Americans are so enamoured by the notion of happiness that they have the pursuit of it written into their constitution. We've always been a bit less upfront about our feelings, so happiness isn’t an Irish constitutional right, but a little more of it is never a bad thing, right? Psychotherapist Richard Hogan spoke to Brendan O’Connor about happiness and he began by providing some clarification on what the elusive state we all seemingly crave actually is:
"It’s an individual thing, but there are certain aspects that have to be in place for, I think, for your life, to give yourself the optimal opportunity to meet happiness in your life. And it’s not a constant thing, it’s ephemeral, it’s transient."
In other words, one person’s death metal heaven is another person’s hell, so our happinesses are unique to ourselves. But is there a genetic component to our happiness, or lack thereof, Brendan asks. Yes there is:
"There’s definitely a genetic component to it as well, but that doesn’t mean if we come from a family of maybe, say, naysayers, or quite negative family, you know, parents ahead of us, that we can’t move ourselves out of that narrative about ourselves."
The stories we tell ourselves about ourselves and that others tell us about ourselves are very important when it comes to happiness, according to Richard. And where you come in your family of origin can have a significant bearing on the narrative that informs your happiness. Richard uses the example of a first-born female, who’s given a lot of responsibility and told to be the good daughter. And she develops her sense of self around the idea that to be valued, she has to say yes and then she moves on in her life as a pleaser and a doer and a chore-doer:
"And then you move into your 40s and all of a sudden you realise, 'This avatar that I’ve created, it’s not sustainable, it’s not fit for purpose,’ and all of a sudden I meet you in the clinic and you’re kinda going, ‘I don’t know where I am anymore, I don’t know what I laugh at, I don’t know who I am, I’ve lost that sense of self.’ It’s all coming back to these early narratives that we heard about ourselves and that were given to us."
It’s important for people who find that they’re not where they want to be to avoid thinking of themselves as victims, Richard says, and he quotes the great psychoanalyst Carl Jung:
"You are not what happened to you. You are who you choose to become."
This leads back to the narrative of our lives and how we take control of it. In Richard’s words, it’s a case of how we re-author our story:
"We come through terrible experiences, but our ability to re-author that, that’s the difference between collapsing under it or moving through it and thriving."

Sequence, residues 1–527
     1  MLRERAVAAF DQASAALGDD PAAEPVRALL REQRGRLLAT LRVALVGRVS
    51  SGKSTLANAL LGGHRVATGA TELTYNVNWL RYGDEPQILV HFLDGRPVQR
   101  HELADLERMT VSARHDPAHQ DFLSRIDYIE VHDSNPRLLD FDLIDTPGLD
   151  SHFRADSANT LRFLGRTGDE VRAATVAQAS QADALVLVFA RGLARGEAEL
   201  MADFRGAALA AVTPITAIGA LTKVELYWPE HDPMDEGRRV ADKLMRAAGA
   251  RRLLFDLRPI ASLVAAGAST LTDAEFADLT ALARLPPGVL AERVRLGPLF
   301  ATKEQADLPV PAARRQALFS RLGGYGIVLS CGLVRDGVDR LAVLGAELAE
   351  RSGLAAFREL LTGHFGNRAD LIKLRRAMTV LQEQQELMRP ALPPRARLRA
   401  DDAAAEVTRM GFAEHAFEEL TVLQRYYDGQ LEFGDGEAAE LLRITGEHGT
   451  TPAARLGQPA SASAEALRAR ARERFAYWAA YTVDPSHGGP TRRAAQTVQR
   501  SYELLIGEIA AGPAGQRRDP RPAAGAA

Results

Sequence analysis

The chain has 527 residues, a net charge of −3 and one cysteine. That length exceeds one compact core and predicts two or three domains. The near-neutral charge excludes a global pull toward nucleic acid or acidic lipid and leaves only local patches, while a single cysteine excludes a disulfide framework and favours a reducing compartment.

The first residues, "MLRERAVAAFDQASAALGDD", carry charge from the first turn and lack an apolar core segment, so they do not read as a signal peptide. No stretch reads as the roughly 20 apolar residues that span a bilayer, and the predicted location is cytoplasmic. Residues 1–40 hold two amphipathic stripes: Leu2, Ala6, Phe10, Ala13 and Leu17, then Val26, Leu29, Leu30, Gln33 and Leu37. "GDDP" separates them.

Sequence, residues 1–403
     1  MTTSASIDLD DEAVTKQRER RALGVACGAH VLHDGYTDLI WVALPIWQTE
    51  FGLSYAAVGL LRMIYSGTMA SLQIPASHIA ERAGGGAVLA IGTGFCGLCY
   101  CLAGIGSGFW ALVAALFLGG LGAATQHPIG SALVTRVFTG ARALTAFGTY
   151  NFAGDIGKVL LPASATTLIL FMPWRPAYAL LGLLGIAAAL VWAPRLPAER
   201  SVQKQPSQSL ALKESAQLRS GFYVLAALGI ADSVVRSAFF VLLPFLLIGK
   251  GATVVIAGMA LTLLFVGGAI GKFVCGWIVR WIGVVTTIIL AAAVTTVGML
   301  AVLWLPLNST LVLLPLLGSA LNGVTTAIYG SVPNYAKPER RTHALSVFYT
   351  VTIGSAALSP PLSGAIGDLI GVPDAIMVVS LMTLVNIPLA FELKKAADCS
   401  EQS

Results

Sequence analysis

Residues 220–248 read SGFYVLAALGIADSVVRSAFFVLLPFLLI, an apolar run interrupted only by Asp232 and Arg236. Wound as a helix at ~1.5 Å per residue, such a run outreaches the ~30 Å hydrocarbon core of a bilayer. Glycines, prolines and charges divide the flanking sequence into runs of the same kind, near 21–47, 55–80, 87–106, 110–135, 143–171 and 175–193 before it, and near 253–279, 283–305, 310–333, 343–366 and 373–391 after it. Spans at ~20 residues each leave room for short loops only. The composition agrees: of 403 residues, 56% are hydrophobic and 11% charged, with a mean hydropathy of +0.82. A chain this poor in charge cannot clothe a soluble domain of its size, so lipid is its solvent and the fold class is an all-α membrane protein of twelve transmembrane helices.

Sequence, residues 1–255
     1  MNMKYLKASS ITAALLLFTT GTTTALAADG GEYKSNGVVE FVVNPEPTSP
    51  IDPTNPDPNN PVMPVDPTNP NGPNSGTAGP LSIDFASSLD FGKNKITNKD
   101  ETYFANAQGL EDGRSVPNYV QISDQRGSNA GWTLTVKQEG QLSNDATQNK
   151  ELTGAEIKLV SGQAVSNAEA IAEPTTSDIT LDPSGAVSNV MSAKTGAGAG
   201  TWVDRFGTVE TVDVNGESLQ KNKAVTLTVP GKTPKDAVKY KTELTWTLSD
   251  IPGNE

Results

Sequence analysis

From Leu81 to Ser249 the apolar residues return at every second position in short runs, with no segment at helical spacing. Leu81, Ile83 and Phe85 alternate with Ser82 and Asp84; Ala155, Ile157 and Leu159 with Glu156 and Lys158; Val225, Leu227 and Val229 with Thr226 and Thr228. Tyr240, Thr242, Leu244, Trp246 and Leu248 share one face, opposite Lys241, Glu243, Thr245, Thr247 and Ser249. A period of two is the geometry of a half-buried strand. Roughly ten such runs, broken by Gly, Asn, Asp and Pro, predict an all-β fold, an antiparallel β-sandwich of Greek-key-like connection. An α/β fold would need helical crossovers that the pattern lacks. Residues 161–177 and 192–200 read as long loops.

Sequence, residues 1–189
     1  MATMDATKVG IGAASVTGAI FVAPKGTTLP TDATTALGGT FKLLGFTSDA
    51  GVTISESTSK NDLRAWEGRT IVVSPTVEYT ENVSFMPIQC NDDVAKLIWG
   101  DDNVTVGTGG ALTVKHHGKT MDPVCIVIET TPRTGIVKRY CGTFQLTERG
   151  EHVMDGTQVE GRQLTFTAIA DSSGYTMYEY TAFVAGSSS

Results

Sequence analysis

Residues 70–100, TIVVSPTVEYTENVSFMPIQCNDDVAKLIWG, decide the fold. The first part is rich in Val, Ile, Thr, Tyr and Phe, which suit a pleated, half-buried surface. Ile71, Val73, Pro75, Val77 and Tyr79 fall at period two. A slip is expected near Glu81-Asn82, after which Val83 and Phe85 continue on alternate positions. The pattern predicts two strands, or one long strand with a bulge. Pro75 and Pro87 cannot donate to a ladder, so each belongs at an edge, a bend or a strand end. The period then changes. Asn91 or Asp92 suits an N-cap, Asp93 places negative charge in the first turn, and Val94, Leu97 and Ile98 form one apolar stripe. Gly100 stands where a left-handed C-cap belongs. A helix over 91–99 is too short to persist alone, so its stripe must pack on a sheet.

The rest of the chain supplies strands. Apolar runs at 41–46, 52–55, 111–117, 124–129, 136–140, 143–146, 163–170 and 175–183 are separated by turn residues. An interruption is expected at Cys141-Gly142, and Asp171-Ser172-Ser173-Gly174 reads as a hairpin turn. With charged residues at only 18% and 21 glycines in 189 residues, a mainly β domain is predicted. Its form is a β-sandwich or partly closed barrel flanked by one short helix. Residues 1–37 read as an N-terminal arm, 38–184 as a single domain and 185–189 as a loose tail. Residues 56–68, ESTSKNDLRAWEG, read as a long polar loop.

This is what Richard calls narrative therapy – we re-author the story and look for another dominant narrative that we might have missed or lost along the way. And it’s something we need to do consciously because our brains are primed for negative thoughts:
"We know that thoughts associated with the self are indistinguishable from negative feelings and emotions, so that tells us that, when you think about yourself, you will generally think negatively. We're primed to think negatively."
It makes sense in an evolutionary self-preservation kind of way – if we hear a noise coming from the bush, we’re better off thinking that’s a snake than that it’s nothing to worry about. But we’ve developed what should be a survival skill into what Richard calls a negative churn, a voice that spills negativity into our heads. It’s not something we’re born with, rather it’s what he terms a distorted cognitive corruption:
"Basically what happened is you had a thought, ‘I’m not that good.’ Your parents have said, ‘Oh, you know Brendan, he’s much lazier than John,’ let's say, or 'Jimmy’s not as intelligent as whoever in the family,’ and all of a sudden you go, ‘Well, maybe I’m not as intelligent, or maybe I’m not as likeable, or maybe my only value here in this family is being wild,’ or whatever it is, the narrative is given to you. That’s a thought. And then when you look for evidence of it, it becomes a pathway and so when you think about yourself, the only thought available to you about yourself is that negative thought. And we have 60,000-70,000 thoughts a day."
Narrative therapy is about rewiring that negativity and disrupting that stories we tell ourselves. And it isn't easy, Richard says, it involves work. We need to work "in the interests of our future selves." Part of this work involves surrounding ourselves with people who are genuinely interested in our welfare:
"Connection with those you love and your family is everything. And so if you’re surrounding yourself with people just for the sake of filling up some void in your life and they’re quite negative in your life, I would say you’ve got to really look at that... Think about people who are able to celebrate your successes – that’s a key thing."
You can hear Brendan’s full conversation with Richard by going here.